To skip to the chase: it’s excellent. And when you consider that East Bohemia is fairly removed from the traditional sources of stout in London and Dublin, you’d have to call it outstanding.

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Czech Beer Tasting: Raw Materials

There’s a Czech expression that says that the quality of a pint depends half on the brewer, half on the barman, but the truth is that much of it happens long before either one is involved.

Beyond mere brewing and tapping, it is the incredible high quality of Czech raw ingredients — Haná malt; Saaz hops; extremely pure and remarkably soft water; excellent strains of yeast — which allows this country to produce some of the world’s greatest lagers.

On Thursday, November 13, 2008, I’ll be leading another beer tasting and seminar in the wine cellar of Essensia restaurant, inside the Mandarin Oriental hotel. The combined dinner, talk and tasting will last about three hours.

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Nils Oscar Rökporter

How do you celebrate a new apartment? We spent last week moving exactly three and a half million boxes from our old place in Prague 8 to our new home in Prague 1, where we’re now just a few minutes’ walk from Pivovarský klub (danger, Will Robinson). After dumping our belongings in the hallway, I inaugurated the transition with a bottle of Nils Oscar Rökporter, courtesy of Per at Ohhh… My Head, who handed it over at the Ratebeer European Summer Gathering. (In exchange, I offered a bottle of Klostermann from Pivovar Strakonice).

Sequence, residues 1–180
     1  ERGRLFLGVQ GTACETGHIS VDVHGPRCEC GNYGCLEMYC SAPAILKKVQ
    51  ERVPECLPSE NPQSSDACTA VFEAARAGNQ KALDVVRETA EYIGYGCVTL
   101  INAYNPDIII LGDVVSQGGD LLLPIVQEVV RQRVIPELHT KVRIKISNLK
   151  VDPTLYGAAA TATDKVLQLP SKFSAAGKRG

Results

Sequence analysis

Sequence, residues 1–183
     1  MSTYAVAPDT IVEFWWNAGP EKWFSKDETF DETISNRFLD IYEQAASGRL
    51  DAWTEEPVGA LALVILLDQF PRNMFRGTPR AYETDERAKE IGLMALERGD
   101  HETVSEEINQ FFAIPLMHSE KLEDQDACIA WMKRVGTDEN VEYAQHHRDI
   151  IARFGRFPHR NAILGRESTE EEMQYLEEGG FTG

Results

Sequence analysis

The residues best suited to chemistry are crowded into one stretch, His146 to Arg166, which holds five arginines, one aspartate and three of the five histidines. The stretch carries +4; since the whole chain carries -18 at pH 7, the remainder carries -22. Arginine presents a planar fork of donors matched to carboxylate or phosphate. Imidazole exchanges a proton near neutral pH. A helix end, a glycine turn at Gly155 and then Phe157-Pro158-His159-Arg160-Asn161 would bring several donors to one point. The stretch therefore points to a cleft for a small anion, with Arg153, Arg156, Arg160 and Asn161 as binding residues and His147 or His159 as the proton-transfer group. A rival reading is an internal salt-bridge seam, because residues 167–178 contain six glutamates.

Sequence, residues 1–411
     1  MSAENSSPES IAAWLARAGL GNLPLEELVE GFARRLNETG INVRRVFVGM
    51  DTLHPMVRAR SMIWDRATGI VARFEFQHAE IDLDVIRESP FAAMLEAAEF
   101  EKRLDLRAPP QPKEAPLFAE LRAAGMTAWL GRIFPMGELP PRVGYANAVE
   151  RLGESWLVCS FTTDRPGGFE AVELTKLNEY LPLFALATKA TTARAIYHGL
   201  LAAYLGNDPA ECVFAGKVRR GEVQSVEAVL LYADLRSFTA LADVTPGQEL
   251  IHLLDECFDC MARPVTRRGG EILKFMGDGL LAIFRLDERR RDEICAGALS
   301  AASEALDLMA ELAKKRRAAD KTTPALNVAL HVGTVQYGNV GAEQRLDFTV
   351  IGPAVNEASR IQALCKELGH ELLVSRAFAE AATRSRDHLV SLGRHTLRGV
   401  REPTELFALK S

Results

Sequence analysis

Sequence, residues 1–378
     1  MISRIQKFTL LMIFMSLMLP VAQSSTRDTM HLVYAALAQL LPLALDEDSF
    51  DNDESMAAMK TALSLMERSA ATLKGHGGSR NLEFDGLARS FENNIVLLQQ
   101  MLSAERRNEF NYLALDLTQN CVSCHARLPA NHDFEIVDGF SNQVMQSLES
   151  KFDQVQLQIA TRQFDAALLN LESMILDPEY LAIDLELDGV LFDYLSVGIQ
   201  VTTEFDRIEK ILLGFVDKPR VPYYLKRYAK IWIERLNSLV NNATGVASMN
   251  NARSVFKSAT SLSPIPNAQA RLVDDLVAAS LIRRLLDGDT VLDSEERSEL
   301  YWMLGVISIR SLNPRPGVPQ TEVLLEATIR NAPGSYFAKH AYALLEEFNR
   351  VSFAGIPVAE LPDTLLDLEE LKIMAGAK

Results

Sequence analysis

First off, even though the name means “smoke porter,” this is no Aecht Schlenkerla Rauchbier — the smoke in the Nils Oscar beer is much more understated, closer to the version (or versions) from Brauerei Spezial. It’s deep ruby with a nice sandy head and a nose of malt, oats and honey. After a semi-sweet gulp on the tongue, there’s an aromatic, Montecristo-peppery smokiness. The finish is lasting but not overbearing. A great way to break in a new apartment — really good stuff.

I like Klostermann fine, but after tasting this I’m sure I did better than Per in our trade: Nils Oscar Rökporter is currently #41 of Ratebeer’s list of the 50 best beers in Sweden, and it was one of the bottles I was searching for while checking out Czech beers in Stockholm earlier this year. Though the original word was that this was a one-off brew, Per writes that it will now be brewed year round, and made available from October. Get one if you can.